If fans found themselves catching their breath after Game 1 of Avalanche – Oilers, it would be understandable. Just think about how both teams felt following such elevated play at high elevation?
In a game that sometimes teetered toward a blowout, the Avalanche instead got a scare against the Oilers, but lead the series 1-0 after winning 6-8.
Yet, the biggest stories revolve around the comeback, how Edmonton struggled with Colorado’s incredible transition skills, and the state of goaltending for both teams.
Oilers stung after controversial offside goal review goes Avalanche’s way in Game 1
In a thrilling start to Game 1, the Oilers often looked overwhelmed against the Avalanche. While the high-danger chances were close through the first period, the Avs hogged the puck, and shot volume.
Even so, the Oilers received a burst when Zach Hyman scored a 2-2 goal with just 23 seconds remaining in the first period.
Remarkably, Cale Makar answered back just nine seconds later … or did he? Understandably, the Oilers challenged the Makar call, wondering if Makar entered the offensive zone before Valeri Nichushkin got back.
Should the goal have stood, or did the league make the wrong call with that offside review video review? Tough call.
After review… Ruled ONSIDE?
What do you think? 👇 pic.twitter.com/ry27UU526n
— Tim and Friends (@timandfriends) June 1, 2022
Either way, it was close.
Ultimately, the goal stood, and the Avalanche also received a power-play opportunity because of an Oilers’ failed review. (Aside: I’ll probably call for this rule to change at least once per playoff series, as it’s too harsh of a penalty for close calls.)
Instead of the Oilers being lucky to be tied 2-2 against the Avalanche entering the second period, they were down 3-2, and Colorado began with that power play. Nazem Kadri scored on a rebound to make it 4-2 early in the second.
Another tough start to series for Oilers, Mike Smith; Kuemper injury
How many Avalanche goals would you put on Oilers goalie Mike Smith?
Honestly, it’s tough to say. So often in Game 1, the Avalanche absolutely shredded the Oilers in transition. This Nathan MacKinnon goal was probably the most glaring example, and a case where you could really pick and choose which Oiler(s) to blame.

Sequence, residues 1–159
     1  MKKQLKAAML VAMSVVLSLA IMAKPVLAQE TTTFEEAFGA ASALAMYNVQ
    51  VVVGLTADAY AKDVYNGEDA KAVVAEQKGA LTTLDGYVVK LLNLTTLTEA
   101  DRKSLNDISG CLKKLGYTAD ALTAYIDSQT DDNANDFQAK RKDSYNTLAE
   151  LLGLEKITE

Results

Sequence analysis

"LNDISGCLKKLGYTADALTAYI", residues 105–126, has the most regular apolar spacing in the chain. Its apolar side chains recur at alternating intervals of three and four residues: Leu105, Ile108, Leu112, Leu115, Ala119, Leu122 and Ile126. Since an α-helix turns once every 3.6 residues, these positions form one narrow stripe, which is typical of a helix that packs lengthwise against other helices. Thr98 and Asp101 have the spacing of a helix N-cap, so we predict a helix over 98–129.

— NHL GIFs (@NHLGIFs) June 1, 2022
This breakdown captures some of the issues. Maybe it’s at least one type of transition error Edmonton can work on?
EDM25 Nurse ends up getting posterized here. But the initial problem is created because EDM29 Draisaitl just lets MacKinnon skates past him without any attempt to get in the way and influence the attacker's route. pic.twitter.com/g6B6EixC6e
— Jack Han (@JhanHky) June 1, 2022
Either way, Mike Smith lasted 26:20 in Game 1, as the Oilers pulled him after allowing six goals on 25 shots.
MacKinnon scored that highlight-reel tally, and Cale Makar burned Smith twice. During certain stretches, plenty of Avs were getting in on the action.
We actually saw both pairs of goalies in this one. It’s unclear why Darcy Kuemper left midway through the second period, but Pavel Francouz saw time. At the moment, the Avalanche label Kuemper’s issue an upper-body injury. It’s unclear if this has anything to do with the eye swelling issues he dealt with during the Predators series.
Mikko Koskinen relieved Mike Smith, and ended up giving the Oilers a chance during an impressive third-period rally.
Oilers find a way to make Game 1 interesting, but Avalanche win
Ultimately, the parallels between the Oilers’ Game 1 against the Flames and Tuesday’s versus the Avalanche didn’t stop with goalie changes. The Oilers also made a real push to come back against the Avalanche, much like they did against the Flames.
To simplify things:
- During that frantic second period, the Avalanche really turned up the heat after a 4-3 goal by young Oilers forward Ryan McLeod. After that goal, the Avalanche rattled off three straight goals to make it 7-3, with Mike Smith leaving the net after the sixth tally.
- Did Connor McDavid give the Oilers some life by scoring a goal to make it 7-4 to close the second? Perhaps.
- Chalk it up to adjustments, score effects, Mikko Koskinen making key saves to inspire Edmonton, or other factors. But the Oilers remarkably got back into this one.
- Early in the third, Andre Burakovsky was shaken up after blocking a shot. Edmonton hopped on that opportunity, with Derek Ryan finishing the play. Now Colorado’s lead was cut to 7-5.
- After Gabriel Landeskog took a foolish penalty on Connor McDavid, McDavid and Leon Draisaitl assisted on a Ryan Nugent-Hopkins PPG. Suddenly, the Avs’ lead was just 7-6 with almost seven-and-a-half minutes left.
In the end, the Oilers couldn’t score that seventh goal, and Landeskog iced the game with an empty-netter.
Nonetheless, it serves as a reminder that Edmonton can score goals in a hurry.
As the 2022 Western Conference Final goes on, the question is: will we look at that rally as a hiccup for an Avalanche team that often made the Oilers look lost, or is this part of Edmonton figuring things out?
For those of us hockey fans who just want to enjoy this series, something in between would be fine. Especially if that translated to this going to Game 7 (and, ideally, rarely slowing down).
Avalanche vs. Oilers – Western Conference Final schedule (COL leads 1-0)
Game 1: Avalanche 8, Oilers 6
Game 2 – June 2: Oilers at Avalanche, 8 p.m. ET (TNT, SN, CBC, TVAS)
Game 3 – June 4: Avalanche at Oilers, 8 p.m. ET (TNT, SN, CBC, TVAS)
Game 4 – June 6: Avalanche at Oilers, 8 p.m. ET (TNT, SN, CBC, TVAS)
*Game 5 – June 8: Oilers at Avalanche, TBD
*Game 6 – June 10: Avalanche at Oilers, TBD
*Game 7 – June 12: Oilers at Avalanche, TBD
* If necessary